Carotenoids

Definition - What does Carotenoids mean?

Carotenoids, also referred to as tetraterpenoids, are organic-based pigments produced by some plants, various algae, and some bacteria or fungi. The wavelengths of carotenoids produce yellow, orange, or red hues. About 15-30 percent of autumn color is the result of carotenoids.

Carotenoids are a class of bioactive compounds. A bioactive compound is any compound present in the foods of humans, animals, or plants that has an effect on the organism consuming it.

MaximumYield explains Carotenoids

Carotenoids can be the product of fats or other organic metabolic mechanisms. They are also produced by aphids and spider mites, the only two known animals known to produce them.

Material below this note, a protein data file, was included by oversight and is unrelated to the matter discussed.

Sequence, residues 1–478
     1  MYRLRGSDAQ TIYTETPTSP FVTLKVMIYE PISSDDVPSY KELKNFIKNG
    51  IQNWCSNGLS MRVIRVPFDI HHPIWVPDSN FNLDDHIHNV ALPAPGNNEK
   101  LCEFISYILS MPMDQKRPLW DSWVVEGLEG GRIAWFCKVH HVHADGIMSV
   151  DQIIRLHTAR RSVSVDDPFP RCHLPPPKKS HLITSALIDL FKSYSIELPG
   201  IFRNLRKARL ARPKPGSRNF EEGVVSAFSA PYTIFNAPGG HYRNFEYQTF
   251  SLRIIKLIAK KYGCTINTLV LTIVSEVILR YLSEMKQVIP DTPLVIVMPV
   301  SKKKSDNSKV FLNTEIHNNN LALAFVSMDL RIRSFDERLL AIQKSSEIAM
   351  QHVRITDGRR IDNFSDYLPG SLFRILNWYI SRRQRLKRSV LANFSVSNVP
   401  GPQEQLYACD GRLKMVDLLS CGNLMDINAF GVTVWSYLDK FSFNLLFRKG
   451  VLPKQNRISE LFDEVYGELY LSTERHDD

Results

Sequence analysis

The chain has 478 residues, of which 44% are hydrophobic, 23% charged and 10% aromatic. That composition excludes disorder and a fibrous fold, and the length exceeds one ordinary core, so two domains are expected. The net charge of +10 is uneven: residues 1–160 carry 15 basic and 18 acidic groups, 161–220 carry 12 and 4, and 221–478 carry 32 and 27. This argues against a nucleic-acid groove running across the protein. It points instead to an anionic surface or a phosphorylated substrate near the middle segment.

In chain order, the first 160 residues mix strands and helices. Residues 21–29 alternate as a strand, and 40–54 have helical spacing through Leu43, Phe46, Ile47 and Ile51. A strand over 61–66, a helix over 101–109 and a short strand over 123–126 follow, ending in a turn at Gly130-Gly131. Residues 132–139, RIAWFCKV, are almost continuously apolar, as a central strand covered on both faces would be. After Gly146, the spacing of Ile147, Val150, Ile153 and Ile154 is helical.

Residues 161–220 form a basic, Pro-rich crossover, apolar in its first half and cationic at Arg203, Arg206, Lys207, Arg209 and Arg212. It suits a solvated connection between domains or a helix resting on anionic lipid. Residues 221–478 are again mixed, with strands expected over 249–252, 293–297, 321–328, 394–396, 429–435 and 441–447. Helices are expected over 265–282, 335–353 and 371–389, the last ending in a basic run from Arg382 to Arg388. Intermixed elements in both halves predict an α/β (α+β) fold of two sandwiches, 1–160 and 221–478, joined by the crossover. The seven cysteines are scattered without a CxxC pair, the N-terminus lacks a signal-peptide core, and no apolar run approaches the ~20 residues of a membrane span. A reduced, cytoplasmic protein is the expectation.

There are around 600 different types of carotenoids that we know of that are divided into two classes: those that produce oxygen, and those that don’t.

The most known of the carotenoids is carotene, which is found in carrots. This is what is responsible for their bright orange color. Dried carrots have the highest amount of carotene of any other food per 100 gram serving.

Carotenoids from food sources are also stored in the fatty tissues of animals.

Carotenoids can also act as antioxidants and are believed to have cancer-fighting properties, according to some medical organizations. They can also be converted into vitamin A, which helps support healthy vision and overall growth.

Carotenoids serve important roles in plants and algae, as they absorb light energy for use in photosynthesis, and they also protect chlorophyll from photo damage.

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